Publications by authors named "Brigette Y Monroy"

3 Publications

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A Combinatorial MAP Code Dictates Polarized Microtubule Transport.

Dev Cell 2020 04 27;53(1):60-72.e4. Epub 2020 Feb 27.

Department of Molecular and Cellular Biology, University of California, Davis, Davis, CA 95616, USA. Electronic address:

Many eukaryotic cells distribute their intracellular components asymmetrically through regulated active transport driven by molecular motors along microtubule tracks. While intrinsic and extrinsic regulation of motor activity exists, what governs the overall distribution of activated motor-cargo complexes within cells remains unclear. Here, we utilize in vitro reconstitution of purified motor proteins and non-enzymatic microtubule-associated proteins (MAPs) to demonstrate that MAPs exhibit distinct influences on the motility of the three main classes of transport motors: kinesin-1, kinesin-3, and cytoplasmic dynein. Further, we dissect how combinations of MAPs affect motors and unveil MAP9 as a positive modulator of kinesin-3 motility. From these data, we propose a general "MAP code" that has the capacity to strongly bias directed movement along microtubules and helps elucidate the intricate intracellular sorting observed in highly polarized cells such as neurons.
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http://dx.doi.org/10.1016/j.devcel.2020.01.029DOI Listing
http://www.ncbi.nlm.nih.gov/pmc/articles/PMC7181406PMC
April 2020

Dual control of Kinesin-1 recruitment to microtubules by Ensconsin in neuroblasts and oocytes.

Development 2019 04 17;146(8). Epub 2019 Apr 17.

Univ. Rennes, CNRS, IGDR (Institut de Génétique et Développement de Rennes) - UMR 6290, F-35000 Rennes, France

Ensconsin (also known as MAP7) controls spindle length, centrosome separation in brain neuroblasts (NBs) and asymmetric transport in oocytes. The control of spindle length by Ensconsin is Kinesin-1 independent but centrosome separation and oocyte transport require targeting of Kinesin-1 to microtubules by Ensconsin. However, the molecular mechanism used for this targeting remains unclear. Ensconsin contains a microtubule (MT)-binding domain (MBD) and a Kinesin-binding domain (KBD). Rescue experiments show that only full-length Ensconsin restores the spindle length phenotype. KBD expression rescues centrosome separation defects in NBs, but not the fast oocyte streaming and the localization of Staufen and Gurken. Interestingly, the KBD can stimulate Kinesin-1 targeting to MTs and We propose that a KBD and Kinesin-1 complex is a minimal activation module that increases Kinesin-1 affinity for MTs. Addition of the MBD present in full-length Ensconsin allows this process to occur directly on the MT and triggers higher Kinesin-1 targeting. This dual regulation by Ensconsin is essential for optimal Kinesin-1 targeting to MTs in oocytes, but not in NBs, illustrating the importance of adapting Kinesin-1 recruitment to different biological contexts.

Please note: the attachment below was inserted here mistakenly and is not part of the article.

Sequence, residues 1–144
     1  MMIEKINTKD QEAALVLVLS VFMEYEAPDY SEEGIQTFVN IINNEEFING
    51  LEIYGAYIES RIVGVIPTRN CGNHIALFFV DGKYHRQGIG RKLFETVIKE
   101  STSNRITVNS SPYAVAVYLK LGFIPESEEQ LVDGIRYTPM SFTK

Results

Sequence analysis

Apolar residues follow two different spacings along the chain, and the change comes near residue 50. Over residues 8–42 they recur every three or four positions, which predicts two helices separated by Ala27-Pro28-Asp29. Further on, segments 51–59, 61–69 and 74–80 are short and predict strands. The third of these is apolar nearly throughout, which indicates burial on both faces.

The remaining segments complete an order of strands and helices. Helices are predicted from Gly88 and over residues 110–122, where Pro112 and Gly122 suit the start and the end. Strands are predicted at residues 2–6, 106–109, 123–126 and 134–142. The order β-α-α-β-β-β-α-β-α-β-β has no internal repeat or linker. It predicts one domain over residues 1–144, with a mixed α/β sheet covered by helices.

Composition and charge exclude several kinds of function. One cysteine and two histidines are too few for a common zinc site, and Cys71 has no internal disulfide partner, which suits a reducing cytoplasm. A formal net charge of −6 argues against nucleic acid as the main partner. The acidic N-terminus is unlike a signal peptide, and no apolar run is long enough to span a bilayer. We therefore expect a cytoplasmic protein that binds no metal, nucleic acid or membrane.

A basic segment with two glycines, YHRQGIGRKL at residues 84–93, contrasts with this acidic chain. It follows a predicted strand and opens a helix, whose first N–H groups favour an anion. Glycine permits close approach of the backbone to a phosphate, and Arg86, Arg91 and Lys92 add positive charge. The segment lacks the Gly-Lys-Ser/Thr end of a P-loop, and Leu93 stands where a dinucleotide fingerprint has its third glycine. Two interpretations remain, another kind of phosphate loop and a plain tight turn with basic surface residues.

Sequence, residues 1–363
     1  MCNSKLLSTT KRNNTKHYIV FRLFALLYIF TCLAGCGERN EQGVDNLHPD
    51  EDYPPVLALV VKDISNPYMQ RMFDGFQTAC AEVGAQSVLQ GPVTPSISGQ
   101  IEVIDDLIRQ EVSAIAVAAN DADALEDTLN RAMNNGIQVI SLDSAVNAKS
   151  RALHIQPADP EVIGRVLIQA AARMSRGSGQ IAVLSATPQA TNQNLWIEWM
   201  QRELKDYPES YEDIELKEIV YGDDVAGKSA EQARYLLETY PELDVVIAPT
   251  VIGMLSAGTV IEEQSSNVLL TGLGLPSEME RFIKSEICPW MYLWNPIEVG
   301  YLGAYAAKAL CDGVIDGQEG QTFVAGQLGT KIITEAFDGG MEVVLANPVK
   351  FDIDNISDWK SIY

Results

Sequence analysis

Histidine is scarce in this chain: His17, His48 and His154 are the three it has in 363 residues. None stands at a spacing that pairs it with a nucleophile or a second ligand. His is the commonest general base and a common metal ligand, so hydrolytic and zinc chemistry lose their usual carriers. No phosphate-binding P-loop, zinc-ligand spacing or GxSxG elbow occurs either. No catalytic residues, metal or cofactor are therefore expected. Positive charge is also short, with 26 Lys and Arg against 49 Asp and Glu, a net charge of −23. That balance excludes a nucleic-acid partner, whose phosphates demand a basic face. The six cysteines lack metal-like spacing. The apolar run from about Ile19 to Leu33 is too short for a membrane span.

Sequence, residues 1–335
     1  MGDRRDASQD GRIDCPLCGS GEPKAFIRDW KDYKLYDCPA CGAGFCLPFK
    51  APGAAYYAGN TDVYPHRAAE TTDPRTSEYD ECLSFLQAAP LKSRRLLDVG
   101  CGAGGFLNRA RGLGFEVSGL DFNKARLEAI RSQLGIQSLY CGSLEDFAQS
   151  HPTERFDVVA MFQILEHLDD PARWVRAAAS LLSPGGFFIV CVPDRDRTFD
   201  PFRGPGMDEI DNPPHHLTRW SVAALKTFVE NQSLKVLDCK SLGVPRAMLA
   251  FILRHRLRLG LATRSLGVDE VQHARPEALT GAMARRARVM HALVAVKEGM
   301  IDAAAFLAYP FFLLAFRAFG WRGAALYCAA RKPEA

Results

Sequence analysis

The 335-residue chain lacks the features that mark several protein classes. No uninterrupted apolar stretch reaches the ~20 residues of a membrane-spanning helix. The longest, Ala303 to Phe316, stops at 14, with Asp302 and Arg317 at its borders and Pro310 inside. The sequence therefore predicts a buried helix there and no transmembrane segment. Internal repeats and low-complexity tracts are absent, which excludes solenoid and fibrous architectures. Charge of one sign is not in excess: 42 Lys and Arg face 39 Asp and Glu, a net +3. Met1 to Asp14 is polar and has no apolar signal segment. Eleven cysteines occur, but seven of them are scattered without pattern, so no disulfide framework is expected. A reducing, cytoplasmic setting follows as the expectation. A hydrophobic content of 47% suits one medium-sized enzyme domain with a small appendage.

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http://dx.doi.org/10.1242/dev.171579DOI Listing
http://www.ncbi.nlm.nih.gov/pmc/articles/PMC6503980PMC
April 2019

Competition between microtubule-associated proteins directs motor transport.

Nat Commun 2018 04 16;9(1):1487. Epub 2018 Apr 16.

Department of Molecular and Cellular Biology, University of California, Davis, Davis, CA, 95616, USA.

Within cells, motor and non-motor microtubule-associated proteins (MAPs) simultaneously converge on the microtubule. How the binding activities of non-motor MAPs are coordinated and how they contribute to the balance and distribution of motor transport is unknown. Here, we examine the relationship between MAP7 and tau owing to their antagonistic roles in vivo. We find that MAP7 and tau compete for binding to microtubules, and determine a mechanism by which MAP7 displaces tau from the lattice. MAP7 promotes kinesin-based transport in vivo and strongly recruits kinesin-1 to the microtubule in vitro, providing evidence for direct enhancement of motor motility by a MAP. Both MAP7 and tau strongly inhibit kinesin-3 and have no effect on cytoplasmic dynein, demonstrating that MAPs differentially control distinct classes of motors. Overall, these results reveal a general principle for how MAP competition dictates access to the microtubule to determine the correct distribution and balance of motor activity.
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http://dx.doi.org/10.1038/s41467-018-03909-2DOI Listing
http://www.ncbi.nlm.nih.gov/pmc/articles/PMC5902456PMC
April 2018